Melfand Stories

Melfand Stories (メルファンドストーリーズ) - SNES (1994)

Melfand Stories is a SNES-exclusive, Japan-only title that, thanks to its obscurity, is sometimes considered a “hidden gem” for the system. Because of the European fantasy-styled box artwork, people often mistake it for a RPG, but it’s an action title through and through. It was also developed by Sting, a company who would later become known for RPGs like Treasure Hunter G, Baroque, and Riviera.

The story is the most generic fantasy RPG plot possible: the king of Melfand’s adviser, Nomolwa, betrayed him and usurped the kingdom together with his accomplices, Labyuless the warlock and Brad the black knight. Four adventurers come to the kingdom by ship, traversing the lands full of monsters and perils to get to the king’s castle, where the evil man resides. Our heroes are the typical balanced RPG party, comprising of plucky rogue El, smug knight Corse, cute elf witch Lemin and tomboyish thief Nora.

Melfand Stories is reminiscent of Capcom’s coin-op The King of Dragons, being a side-scrolling hack ‘n slash heavily based on Dungeons & Dragons lore without being officially licensed, and featuring similar elements, like the orbs containing magic spells that function as smart bombs (also a dragon boss so huge, only the head fits on the screen). However, it is even more simplistic than the arcade game. Stages are just single-plane stretches of terrain traversed from left to right; our heroes’ weapons and clothing can’t be upgraded or ever change (no actual RPG mechanics at all); there are no special moves, only a slightly more powerful attack triggered when the player can land several hits in sequence, and a combined attack when in 2-player mode. Most stages feature a piece of jewelry that can be collected, but doing so seems to affect only the end-of-stage score tally and not the actual gameplay.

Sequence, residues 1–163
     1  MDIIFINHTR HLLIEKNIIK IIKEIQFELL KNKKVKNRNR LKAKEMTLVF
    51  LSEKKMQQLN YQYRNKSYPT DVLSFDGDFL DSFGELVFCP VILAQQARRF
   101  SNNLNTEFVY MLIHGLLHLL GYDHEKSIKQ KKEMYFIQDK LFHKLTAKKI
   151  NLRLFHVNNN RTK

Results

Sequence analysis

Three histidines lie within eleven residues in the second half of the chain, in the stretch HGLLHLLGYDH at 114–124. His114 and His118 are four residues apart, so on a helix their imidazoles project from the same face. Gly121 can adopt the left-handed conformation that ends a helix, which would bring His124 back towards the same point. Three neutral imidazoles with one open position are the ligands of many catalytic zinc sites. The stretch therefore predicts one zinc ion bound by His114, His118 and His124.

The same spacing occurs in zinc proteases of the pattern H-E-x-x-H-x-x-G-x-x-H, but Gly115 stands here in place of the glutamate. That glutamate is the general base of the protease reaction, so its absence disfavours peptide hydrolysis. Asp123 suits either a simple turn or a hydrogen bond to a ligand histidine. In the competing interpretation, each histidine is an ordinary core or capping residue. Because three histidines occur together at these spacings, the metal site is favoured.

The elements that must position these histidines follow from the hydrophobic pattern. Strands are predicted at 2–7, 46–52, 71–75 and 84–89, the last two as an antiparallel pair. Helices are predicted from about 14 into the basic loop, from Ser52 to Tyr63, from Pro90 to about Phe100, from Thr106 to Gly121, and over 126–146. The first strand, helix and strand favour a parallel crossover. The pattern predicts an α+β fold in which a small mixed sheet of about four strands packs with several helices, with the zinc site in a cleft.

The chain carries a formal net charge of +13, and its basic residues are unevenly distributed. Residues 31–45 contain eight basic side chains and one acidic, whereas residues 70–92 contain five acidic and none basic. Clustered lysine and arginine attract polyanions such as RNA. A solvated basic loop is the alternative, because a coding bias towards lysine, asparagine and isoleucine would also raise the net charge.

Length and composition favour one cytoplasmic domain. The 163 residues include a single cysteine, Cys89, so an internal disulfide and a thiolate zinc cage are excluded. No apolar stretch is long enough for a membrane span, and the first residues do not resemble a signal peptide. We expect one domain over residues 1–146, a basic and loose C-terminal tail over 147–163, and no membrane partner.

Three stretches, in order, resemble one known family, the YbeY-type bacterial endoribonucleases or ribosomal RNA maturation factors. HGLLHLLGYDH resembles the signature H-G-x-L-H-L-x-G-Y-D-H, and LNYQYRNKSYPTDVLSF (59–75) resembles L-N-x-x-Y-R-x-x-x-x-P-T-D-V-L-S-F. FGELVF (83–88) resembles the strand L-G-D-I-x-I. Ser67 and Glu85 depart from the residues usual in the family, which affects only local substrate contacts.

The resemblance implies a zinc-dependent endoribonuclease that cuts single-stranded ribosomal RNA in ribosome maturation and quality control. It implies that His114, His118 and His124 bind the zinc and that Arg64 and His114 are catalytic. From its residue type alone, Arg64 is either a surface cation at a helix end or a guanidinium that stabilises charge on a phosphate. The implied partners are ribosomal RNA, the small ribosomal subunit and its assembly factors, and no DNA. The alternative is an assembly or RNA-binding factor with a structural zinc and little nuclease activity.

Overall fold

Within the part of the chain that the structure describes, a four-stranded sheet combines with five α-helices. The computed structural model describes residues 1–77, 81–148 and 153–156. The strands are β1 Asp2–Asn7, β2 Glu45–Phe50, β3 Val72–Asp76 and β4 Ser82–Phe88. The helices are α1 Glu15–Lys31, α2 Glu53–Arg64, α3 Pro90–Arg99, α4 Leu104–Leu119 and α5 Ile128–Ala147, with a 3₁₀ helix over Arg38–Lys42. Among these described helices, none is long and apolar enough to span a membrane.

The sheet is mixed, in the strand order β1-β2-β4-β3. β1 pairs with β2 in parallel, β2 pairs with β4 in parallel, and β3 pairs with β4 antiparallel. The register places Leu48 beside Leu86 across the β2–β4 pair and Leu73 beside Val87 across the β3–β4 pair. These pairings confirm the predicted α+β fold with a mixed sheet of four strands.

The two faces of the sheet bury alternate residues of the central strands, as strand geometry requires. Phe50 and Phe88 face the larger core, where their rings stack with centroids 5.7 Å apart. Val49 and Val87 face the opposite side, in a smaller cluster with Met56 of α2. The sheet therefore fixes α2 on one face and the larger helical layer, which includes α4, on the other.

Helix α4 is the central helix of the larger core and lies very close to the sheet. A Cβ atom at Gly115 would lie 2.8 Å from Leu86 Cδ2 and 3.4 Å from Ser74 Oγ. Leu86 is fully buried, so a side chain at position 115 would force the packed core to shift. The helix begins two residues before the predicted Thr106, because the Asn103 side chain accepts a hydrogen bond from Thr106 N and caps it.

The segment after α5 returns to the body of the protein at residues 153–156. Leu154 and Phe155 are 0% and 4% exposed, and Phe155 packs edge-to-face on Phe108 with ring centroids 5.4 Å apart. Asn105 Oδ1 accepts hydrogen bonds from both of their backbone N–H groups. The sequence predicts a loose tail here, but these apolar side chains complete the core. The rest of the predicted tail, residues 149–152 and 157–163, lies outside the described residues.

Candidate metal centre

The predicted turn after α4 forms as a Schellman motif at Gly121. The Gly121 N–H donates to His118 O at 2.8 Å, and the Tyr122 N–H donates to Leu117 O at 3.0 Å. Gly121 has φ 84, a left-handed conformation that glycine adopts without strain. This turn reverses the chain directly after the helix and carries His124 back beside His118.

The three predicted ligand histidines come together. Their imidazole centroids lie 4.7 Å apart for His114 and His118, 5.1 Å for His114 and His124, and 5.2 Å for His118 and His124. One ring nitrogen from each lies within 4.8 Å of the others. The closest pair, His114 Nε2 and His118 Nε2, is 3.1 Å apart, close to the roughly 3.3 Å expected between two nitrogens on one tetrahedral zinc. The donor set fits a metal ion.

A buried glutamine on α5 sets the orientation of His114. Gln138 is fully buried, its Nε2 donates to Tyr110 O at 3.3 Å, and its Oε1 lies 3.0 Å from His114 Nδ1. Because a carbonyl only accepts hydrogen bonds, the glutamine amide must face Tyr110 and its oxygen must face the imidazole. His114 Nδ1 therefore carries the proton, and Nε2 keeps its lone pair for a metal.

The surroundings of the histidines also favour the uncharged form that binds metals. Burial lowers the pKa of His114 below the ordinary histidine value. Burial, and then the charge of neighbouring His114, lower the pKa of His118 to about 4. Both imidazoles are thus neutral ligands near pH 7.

The four characters are mostly the same, just with slight differences in speed, power and reach of their attacks. However, every one of them can parry and block almost every kind of attack, making a short, simple game even shorter. The player has a single life and starts with three continues, but they can gain more by racking up score points, especially after completing the two bonus stages (killing a bunch of harpies and destroying a statue of Nomolwa in a short time limit). After losing a life one can continue on the spot and change the character, adding to the “arcade-y” quality of the title.

In fact, the only thing that separates Melfand Stories from the arcade games of the time is that there are multiple endings, triggered by the choices taken on the world map: after beating each stage, the map presents us with a choice between an “easy” and a “hard” path. The branching paths influence not only, obviously, the areas’ difficulty, but also the final stage in the castle (the halls, the treasury or the armory) and a few other elements; for example, by choosing the easiest path our heroes will be helped in the final battle by a nun who they saved from a group of ghosts in an earlier stage.

There’s not much more to be said about the gameplay, which is very simplistic and bare-bones for a console release, also considering that the game can be completed in half an hour. However, the style almost makes up for it. The crisp and pastel-colored graphics are halfway between a 1990s kids’ anime and a fairy tale book, with multiple parallax scrolling, an excellent use of colors and a few effects, like the use of Mode 7 during the bonus stage where we have to exterminate a flock of harpies while on a wagon heading to Melfand’s walls. There are several cute touches, for example the expression of the characters’ portraits changing when they are hurt, nice set-pieces like the battle against a golem inside a church, or wacky moments like the random ninja mid-boss appearing in the middle of an European-style town. It’s also worth it to see the classic D&D bestiary (griffons, lizardmen, wyverns, manticores, dark elves and so on) rendered as adorable, colorful sprites; every boss and mid-boss creature keeps their standard English name, and in fact the whole game is in English, save for the very few dialogues and the ending sequences.

In the end this title is no “hidden gem”, just a good-looking and competently made action game that would have worked better as a coin-op, being too short and shallow for a console experience. Still, collectors and fans of obscure Japanese titles can get a kick out of it.

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